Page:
They Are Creating a Mask That Inactivates Coronavirus With Heat
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- Current prototypes include a 9-volt battery, which would provide enough power to heat the mask for a few hours and cool the air before inhaling it.
- This mask is based on a different mechanism than those commonly used today and works predominantly by thermal inactivation.
Since COVID-19 became a pandemic, many researchers and scientists have sought to improve or develop face masks that effectively filter the air, and the designs and innovations have surprised us all.
In this context, scientists from the Massachusetts Institute of Technology (MIT) are creating a mask capable of inactivating SARS-CoV-2 through heat using a heated copper mesh that is surrounded by insulating neoprene and works with batteries.
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Image: MIT News.
"As the person wearing the mask inhales and exhales, the air repeatedly flows through the mesh, and the viral particles in the air slow down and become inactive due to the mesh and high temperatures," they explain in MIT News .
Michael Strano, a professor of chemical engineering at MIT and a participant in the project, says that this mask will not completely block the virus, but it does slow it down and inactivate it. They are currently in the prototype development phase and hope to be able to test them soon.
How does the mechanism work?
The researchers highlighted that most of the institutes and companies are developing masks that, although they filter the virus, do not deactivate it. To obtain this mechanism, the scientists performed some mathematical models in order to determine the temperature range they would need to deactivate COVID-19.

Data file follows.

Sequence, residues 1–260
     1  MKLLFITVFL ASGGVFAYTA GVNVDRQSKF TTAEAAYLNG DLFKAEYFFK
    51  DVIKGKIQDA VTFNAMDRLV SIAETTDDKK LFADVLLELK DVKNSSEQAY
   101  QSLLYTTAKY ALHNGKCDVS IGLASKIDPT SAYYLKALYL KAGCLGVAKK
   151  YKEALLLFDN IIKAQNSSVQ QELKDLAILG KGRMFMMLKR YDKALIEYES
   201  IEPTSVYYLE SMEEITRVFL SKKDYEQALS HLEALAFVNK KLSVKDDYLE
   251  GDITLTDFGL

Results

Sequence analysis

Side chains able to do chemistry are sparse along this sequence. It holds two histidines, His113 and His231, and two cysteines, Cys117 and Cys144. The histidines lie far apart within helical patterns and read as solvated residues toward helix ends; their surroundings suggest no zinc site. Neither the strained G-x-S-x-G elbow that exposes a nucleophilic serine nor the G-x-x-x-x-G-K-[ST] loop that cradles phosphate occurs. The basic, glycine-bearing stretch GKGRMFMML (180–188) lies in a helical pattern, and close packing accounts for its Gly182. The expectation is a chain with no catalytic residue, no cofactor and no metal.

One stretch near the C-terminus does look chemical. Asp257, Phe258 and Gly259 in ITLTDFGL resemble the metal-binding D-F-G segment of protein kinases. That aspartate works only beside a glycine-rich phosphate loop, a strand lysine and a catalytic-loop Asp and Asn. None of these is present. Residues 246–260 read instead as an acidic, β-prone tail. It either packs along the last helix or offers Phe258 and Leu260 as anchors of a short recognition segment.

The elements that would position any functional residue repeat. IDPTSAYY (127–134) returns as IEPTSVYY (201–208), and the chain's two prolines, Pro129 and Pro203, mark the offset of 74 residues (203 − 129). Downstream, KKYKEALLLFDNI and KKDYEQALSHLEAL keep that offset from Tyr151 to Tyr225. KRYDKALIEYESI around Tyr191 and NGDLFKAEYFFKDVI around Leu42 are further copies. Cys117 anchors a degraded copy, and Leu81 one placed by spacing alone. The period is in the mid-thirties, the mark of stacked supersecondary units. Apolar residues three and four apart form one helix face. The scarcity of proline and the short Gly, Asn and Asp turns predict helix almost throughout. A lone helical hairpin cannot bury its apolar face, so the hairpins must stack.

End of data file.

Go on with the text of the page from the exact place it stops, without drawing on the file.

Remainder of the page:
Samuel Faucher, lead author of this project, comments that this mask is based on a different mechanism than those commonly used today and works predominantly by thermal inactivation.
The scientists found that a temperature of 90 degrees Celsius could achieve a reduction of between one thousand and one million viral particles, depending on the final size of the mask.
They also showed that this temperature can be achieved by passing electrical current through a 0.1 millimeter thick copper mesh or a battery-powered thermoelectric heater.
Image: MIT News.
No it doesn't burn
Current prototypes include a 9-volt battery, which would provide enough power to heat the mask for a few hours and cool the air before inhaling it.
On the other hand, they explain that the copper mesh will be surrounded by neoprene, an insulating material that prevents the mask from getting too hot.